New Delhi: The Juvenile Justice Board in the national capital is expected to take a decision on Monday on whether the youngest accused, who claims to be a minor, in the Delhi gangrape-murder case will go through a bone test for the verification of his age or not.
The accused has already submitted his school certificates to prove that he is a juvenile. His school principal's statement has also been recorded. According to the principal, the date of birth of the accused is June 4, 1995. This makes him 17-year-6 month-11-day-old at the time
of the crime.
According to experts, if a medical board is constituted to determine the age of the accused it can conduct bone X-ray and dental test on him. Doctors say that the age determined through medical tests is in a two-year range. And as per the Rule 12 of Delhi Juvenile Justice Rules 2009, in case of an approximate age the board will consider the age on the lower side of the margin.
Earlier on January 24, the JJB dismissed a plea to try the youngest accused in the case with the other five accused. The petition, moved by Janata Party President Subramanian Swamy seeking the prosecution of the sole juvenile along with the five adult accused, was rejected by the board presided over by Principal Magistrate Geetanjali Goel.
Janata Party General Secretary Jagdish Shetty told the media outside JJB, "Subramanian Swamy is in Chennai right now and he has been informed about the decision of the Board. We would be filing an appeal against the order in several forums including the Delhi High Court."
Swamy on January 23 moved the High Court seeking a direction to prosecute the juvenile along with other co-accused in the case, saying the waiver from prosecution to such minors was "unreasonable". The High Court had disposed of his plea, saying, "There was no cause of action to entertain this PIL at this stage."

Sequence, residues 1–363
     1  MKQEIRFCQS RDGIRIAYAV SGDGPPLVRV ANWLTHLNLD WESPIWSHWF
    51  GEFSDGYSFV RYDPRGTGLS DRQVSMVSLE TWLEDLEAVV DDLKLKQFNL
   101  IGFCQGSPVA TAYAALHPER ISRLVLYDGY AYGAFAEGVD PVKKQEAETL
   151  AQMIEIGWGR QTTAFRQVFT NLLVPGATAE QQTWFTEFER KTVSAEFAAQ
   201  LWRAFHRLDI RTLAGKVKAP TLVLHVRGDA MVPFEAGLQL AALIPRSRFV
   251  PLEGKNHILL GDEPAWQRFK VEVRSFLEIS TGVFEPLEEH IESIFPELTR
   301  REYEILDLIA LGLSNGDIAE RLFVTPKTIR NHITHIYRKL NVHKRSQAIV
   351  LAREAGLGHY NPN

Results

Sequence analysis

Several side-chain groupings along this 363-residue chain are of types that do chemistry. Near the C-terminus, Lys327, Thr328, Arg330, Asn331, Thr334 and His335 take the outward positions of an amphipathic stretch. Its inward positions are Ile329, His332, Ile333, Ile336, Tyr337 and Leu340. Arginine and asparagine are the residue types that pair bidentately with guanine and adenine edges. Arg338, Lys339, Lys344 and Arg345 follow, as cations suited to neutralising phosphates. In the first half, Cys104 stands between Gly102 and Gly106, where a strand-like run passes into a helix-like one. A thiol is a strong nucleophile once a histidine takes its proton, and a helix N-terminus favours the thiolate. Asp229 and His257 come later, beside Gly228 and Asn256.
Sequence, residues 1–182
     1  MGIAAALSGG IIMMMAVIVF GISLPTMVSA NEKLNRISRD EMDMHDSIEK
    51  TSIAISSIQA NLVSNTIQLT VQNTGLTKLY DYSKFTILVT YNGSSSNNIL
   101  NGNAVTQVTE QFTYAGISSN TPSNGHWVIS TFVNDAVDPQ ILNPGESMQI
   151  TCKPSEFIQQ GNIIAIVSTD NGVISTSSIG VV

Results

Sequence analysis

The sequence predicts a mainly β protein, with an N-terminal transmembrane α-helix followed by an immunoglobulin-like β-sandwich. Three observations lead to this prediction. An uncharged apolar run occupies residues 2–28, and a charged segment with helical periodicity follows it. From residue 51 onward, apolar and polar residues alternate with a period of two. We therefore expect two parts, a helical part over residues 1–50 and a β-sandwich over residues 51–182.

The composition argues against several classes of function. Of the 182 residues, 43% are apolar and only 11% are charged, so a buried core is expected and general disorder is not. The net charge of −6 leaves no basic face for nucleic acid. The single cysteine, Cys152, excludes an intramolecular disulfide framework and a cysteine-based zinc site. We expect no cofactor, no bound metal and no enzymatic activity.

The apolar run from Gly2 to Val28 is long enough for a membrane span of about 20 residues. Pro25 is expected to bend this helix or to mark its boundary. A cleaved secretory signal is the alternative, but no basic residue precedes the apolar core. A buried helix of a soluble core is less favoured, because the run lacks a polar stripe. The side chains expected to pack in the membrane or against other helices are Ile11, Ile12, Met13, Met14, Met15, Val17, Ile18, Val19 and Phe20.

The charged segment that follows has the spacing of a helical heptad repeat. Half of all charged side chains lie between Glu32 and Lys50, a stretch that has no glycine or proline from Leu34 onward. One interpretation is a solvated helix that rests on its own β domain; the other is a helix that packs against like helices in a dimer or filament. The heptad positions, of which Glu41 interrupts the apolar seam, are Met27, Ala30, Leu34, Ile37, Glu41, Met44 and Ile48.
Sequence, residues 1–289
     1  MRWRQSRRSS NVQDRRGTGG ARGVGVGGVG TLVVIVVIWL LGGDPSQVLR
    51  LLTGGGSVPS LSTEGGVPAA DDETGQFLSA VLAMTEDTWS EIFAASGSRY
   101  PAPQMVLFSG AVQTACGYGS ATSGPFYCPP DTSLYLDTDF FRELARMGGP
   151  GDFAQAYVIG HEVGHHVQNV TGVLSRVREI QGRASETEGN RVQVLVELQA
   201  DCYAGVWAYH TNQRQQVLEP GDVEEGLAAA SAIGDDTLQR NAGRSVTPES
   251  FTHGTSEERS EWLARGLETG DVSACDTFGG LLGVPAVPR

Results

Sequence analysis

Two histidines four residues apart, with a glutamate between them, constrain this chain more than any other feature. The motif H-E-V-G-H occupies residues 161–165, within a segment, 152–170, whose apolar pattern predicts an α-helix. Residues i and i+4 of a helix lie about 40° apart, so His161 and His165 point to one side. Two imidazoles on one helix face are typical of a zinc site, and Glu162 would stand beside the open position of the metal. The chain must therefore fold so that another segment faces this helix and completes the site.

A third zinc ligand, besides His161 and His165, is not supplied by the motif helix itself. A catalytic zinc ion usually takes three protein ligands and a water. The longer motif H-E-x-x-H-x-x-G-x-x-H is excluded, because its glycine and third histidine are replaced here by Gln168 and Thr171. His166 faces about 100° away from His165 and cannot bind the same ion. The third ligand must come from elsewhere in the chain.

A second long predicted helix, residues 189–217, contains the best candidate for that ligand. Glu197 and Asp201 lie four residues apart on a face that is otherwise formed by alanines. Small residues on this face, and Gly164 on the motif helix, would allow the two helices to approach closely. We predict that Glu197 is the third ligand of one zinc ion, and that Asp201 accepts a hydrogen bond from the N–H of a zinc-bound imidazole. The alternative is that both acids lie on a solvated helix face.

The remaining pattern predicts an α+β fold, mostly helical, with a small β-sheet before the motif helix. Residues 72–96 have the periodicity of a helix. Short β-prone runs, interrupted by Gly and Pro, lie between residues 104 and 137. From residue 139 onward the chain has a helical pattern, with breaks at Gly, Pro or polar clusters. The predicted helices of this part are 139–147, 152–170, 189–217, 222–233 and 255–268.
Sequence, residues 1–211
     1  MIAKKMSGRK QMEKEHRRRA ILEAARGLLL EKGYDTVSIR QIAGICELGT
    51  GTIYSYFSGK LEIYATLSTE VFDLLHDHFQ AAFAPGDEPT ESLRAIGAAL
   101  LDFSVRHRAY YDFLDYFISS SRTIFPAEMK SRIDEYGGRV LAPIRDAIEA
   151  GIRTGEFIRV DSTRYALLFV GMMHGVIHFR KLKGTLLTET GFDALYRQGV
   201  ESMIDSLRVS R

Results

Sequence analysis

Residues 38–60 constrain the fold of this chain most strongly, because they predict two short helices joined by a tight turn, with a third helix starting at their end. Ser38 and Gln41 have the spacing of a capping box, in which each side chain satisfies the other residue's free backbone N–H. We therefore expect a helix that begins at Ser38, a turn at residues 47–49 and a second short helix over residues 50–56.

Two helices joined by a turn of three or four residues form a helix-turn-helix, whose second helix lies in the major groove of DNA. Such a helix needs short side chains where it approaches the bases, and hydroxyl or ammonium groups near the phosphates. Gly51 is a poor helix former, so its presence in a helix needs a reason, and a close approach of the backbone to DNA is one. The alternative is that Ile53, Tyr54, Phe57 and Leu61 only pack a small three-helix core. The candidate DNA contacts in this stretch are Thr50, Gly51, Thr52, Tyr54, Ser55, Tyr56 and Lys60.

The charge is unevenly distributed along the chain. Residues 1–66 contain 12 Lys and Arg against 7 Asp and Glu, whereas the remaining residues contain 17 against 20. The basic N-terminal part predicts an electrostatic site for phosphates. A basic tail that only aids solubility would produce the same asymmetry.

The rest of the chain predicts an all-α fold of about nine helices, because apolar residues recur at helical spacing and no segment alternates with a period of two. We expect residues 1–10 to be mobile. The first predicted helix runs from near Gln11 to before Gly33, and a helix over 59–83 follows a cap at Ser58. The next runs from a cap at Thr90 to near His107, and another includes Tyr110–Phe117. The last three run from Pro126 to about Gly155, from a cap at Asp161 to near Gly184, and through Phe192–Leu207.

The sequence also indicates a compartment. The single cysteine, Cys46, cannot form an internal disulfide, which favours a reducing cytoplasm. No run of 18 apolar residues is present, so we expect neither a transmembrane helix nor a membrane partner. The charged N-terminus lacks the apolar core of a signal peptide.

The bench had, however, given Swamy the liberty to "take proper recourse" by moving a sessions court if the JJB did not allow his plea on the issue. The 23-year-old paramedic was gangraped and brutally assaulted by six persons in a moving bus in south Delhi on December 16 and dumped on the road. She died in a Singapore hospital on December 29.
"The age of 18 years as the flat cut-off waiver in criminal offences is inconsistent with the international conventions and, hence, is arbitrary and unreasonable," Swamy had told the High Court. The juvenile, who was "emotionally and mentally" mature, "must be" tried with the other five adults under IPC, he had said.
The High Court, while disposing of his petition, had said, "How can this statute [Juvenile Justice (Care and Protection) Act] be interpreted by us in a PIL. We may do so if we get a reference from the lower court concerned." The juvenile is being tried separately by JJB while a day-to-day trial of the five adult accused is being held in a fast track court in Saket in the national capital.